The other day, I was listening to the radio and I heard something that has set me off in the search of a Musical Linguistic Virus. The idea comes from Neal Stephenson's novel, Snow Crash. In Snow Crash there is a bio linguistic virus which ends up getting spread via virtual worlds. It seems to be a pretty virulent science fiction virus, but it seems like the idea isn't really all that far from reality.
Ideas, snippets of music, and memes have been spread from one person to another for ages. Perhaps a good example is an ear worm. Even without the Internet, ear worms can spread quickly. For people my age, I could simply mention, "Lovin' You" by Minnie Riperton, and many of my friends would not be able to get the tune out of the head.
Yet perhaps musical linguistic viruses in the Internet Age are more complicated. It wasn't a simple ear worm that I heard on the radio that I haven't been able to get out of my head. Instead, the host of the radio show was talking with guests from a band. They talked about key musical influences, bands from the eighties, and reusing samples. Perhaps they are taking musical DNA from the eighties and mutating it into new ear worms or musical linguistic viruses.
They mentioned Brian Eno, so I started to listen to some of his ambient music series on Spotify. This is a new avenue where musical linguistic viruses can spread. A thought came to me listening to a radio show. I pursued the thought on Spotify by listening to the music. Spotify posted to my Facebook Timeline that I had listened to Brian Eno and friends commented on it.
Steven L Johnson said, "That's what I listen to when I want to nap. :-)".
I responded, "Well, I've had a LONG week, and I'm actually going to crash soon." In fact, I did head off to bed soon after that, but my mind continued to turn about this. How does music affect what we think? How much does it reflect the current culture? Can we culture jam spreading different musical linguistic viruses via the Internet?
Perhaps an interesting project would be to create word clouds of the lyrics to the 25 songs of each year and tracking how it has changed.
So, what are you listening to? Why are you listening to it? How is it changing you? Perhaps most importantly, can we change what we listen to and how we talk about it to change our country and our world?
I managed to make it home uneventfully, even though I was dead tired. It was one of those drives where it took all my energy to stay focused on driving, and if the trip had been longer than my daily commute, I would have considered pulling off at a rest area and taking a nap.
At home, I made a quick visit of various websites, and am now throwing together this blog post.
Fortunately, it is Monday, so I can pull together a few things for a quick Music Monday post.
Last night, Fiona interviewed Jen Alexander about Middnight on Main, a large New Years' Eve event that will take place in Middletown, CT. You can listen to the interview here
Also, yesterday I created a YouTube video, Rick Perry ROLLED. Yeah, it's what you think it is:
I want this New Years' Eve to be one to remember, so I've been thinking about how to invite all my friends to a giant New Years' Eve party. Currently, I have 2,226 friends on Facebook, so I need to do something special.
First, the little house we're renting just isn't big enough for 2,226 people to come to, even if they come at different times. So, I needed to find some other party worth going to and worth inviting all my friends.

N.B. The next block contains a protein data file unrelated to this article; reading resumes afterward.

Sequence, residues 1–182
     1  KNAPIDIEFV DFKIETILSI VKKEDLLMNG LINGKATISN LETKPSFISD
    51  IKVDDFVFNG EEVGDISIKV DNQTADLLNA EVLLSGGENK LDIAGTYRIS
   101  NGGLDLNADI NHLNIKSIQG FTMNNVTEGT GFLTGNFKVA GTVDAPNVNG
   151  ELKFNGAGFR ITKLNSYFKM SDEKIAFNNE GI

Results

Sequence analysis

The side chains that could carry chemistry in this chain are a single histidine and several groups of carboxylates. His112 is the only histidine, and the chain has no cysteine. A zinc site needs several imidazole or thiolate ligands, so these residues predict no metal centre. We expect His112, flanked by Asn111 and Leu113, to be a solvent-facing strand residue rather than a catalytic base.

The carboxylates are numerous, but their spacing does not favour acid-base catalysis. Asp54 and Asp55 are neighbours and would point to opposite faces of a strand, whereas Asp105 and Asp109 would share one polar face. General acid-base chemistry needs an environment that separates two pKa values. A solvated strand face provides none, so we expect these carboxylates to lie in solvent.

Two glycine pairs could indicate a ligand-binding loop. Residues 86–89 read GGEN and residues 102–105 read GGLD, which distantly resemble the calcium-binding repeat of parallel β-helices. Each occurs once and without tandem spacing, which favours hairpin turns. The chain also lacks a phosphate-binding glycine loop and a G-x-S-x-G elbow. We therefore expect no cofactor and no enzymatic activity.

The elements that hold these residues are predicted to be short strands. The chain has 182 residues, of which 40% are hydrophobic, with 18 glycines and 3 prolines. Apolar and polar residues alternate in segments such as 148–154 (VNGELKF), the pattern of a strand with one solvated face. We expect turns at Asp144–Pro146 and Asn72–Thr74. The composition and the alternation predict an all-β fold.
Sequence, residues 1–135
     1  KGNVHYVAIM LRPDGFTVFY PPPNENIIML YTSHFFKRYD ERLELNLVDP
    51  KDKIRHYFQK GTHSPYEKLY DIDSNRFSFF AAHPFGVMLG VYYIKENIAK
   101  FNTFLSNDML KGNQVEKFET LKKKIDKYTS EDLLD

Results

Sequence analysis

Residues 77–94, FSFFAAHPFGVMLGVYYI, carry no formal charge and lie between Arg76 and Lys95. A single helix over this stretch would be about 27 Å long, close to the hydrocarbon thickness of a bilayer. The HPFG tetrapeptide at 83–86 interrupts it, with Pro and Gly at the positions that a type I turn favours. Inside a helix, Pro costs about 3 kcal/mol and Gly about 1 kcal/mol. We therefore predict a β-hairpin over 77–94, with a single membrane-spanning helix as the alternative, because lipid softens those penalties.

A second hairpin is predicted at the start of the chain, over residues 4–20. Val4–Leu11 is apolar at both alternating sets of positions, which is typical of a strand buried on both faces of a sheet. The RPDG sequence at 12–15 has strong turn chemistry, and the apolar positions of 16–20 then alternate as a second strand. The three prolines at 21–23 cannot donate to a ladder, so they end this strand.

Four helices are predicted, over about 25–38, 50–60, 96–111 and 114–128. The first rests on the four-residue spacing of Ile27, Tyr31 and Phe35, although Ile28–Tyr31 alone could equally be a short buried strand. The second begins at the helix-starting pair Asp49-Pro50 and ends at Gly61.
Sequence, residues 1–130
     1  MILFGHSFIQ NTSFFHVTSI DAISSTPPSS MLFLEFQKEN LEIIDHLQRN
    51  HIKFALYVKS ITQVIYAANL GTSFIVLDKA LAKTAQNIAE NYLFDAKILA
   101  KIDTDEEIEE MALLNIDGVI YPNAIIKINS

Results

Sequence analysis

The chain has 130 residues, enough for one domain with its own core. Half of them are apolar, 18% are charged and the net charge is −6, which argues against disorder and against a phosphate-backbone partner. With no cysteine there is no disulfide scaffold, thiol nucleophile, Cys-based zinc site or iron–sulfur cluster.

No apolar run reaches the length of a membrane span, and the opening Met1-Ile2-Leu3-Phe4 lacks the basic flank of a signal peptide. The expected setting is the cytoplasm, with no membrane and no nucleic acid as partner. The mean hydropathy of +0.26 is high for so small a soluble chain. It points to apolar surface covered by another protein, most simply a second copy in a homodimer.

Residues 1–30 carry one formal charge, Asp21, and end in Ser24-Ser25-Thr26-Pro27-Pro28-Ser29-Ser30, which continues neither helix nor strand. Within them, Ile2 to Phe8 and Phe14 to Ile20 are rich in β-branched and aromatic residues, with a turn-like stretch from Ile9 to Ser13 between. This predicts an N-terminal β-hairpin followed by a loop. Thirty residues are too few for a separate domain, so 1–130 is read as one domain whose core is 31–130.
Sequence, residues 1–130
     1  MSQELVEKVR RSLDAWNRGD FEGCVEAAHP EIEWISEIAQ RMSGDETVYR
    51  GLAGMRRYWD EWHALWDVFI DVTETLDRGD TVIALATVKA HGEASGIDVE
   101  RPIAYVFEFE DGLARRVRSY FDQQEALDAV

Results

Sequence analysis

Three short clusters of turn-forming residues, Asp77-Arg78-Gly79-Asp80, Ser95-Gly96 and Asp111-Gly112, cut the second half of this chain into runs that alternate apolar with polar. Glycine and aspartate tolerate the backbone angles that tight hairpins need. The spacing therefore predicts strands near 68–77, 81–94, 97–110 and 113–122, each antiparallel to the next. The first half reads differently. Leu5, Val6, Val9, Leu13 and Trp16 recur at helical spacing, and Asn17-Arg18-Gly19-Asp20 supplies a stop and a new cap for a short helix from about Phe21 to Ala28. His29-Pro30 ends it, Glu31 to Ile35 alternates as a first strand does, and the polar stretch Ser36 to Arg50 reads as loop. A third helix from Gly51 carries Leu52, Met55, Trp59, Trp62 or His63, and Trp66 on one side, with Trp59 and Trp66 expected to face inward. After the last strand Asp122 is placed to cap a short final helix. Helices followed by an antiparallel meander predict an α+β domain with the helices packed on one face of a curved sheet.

The Community Health Center where I work is a lead sponsor of Middnight on Main, a large First Night style New Years' Eve event in Middletown, CT. There are a lot of great acts and events that will be there.
While there are many different events that will take place at Middnight on Main, we decided to create one large overarching event for the whole evening. The question becomes, how do we invite everyone.
I could go through and click on each friend, one after another, but with 2,226 friends, that would take a while. However, there are people who have written about how to invite all your friends at once. This blog post is one of the better descriptions of the process. I've tested it in Chrome and Safari and it has worked for me, with a few special things to note.
Also, as noted in the updates, be sure to scroll down to the end of your friends list before running the script. Otherwise, it will only get the first fifty to one hundred friends.
The next thing to note. Since this is an event in Connecticut, it probably doesn't make sense to invite many of my international friends. I did invite some while I was testing, and others because I figured they would do a good job of helping spread the word. However, I really wanted to target the invitation to all of my local friends.
Since I haven't done a lot with lists, my lists aren't still all that great, but I used this to invite a bunch of people that I thought would be interested, and for some lists, adding a special message to target my invitation.
One of my writing themes for this year has been about living your life as if you were living the great American novel, or at least a collection of great American short stories. It reflects the medium I am most comfortable with, the written word. Yet I know others that are more comfortable with visual representations, or music, and there are times that I stare at the blank screen, trying to conjure words for things I just can’t find words for.
Recently, many sites are coming up with their retrospectives on 2011. I look through the images and videos. I listen to the music, and I wonder how to pull all of it together. I remember during the beginning of the Iraq war, people defending the war suggesting it would lead to an outbreak of democracy across the Middle East. As we prepare to leave Iraq, we can look back at the Arab Spring. What role did the Iraq war play in this?
I also remember climate change activists talking about who climate change would bring about food riots and more severe weather patterns. What role did food riots play in the Arab Spring? What role did climate change play in the rough weather we had in 2011?
Then, there were the people predicting the end of the world; if not this year, then the next. Looking at war and political unrest, at earthquakes and extreme weather, it is easy to wonder if these are signs of the end times.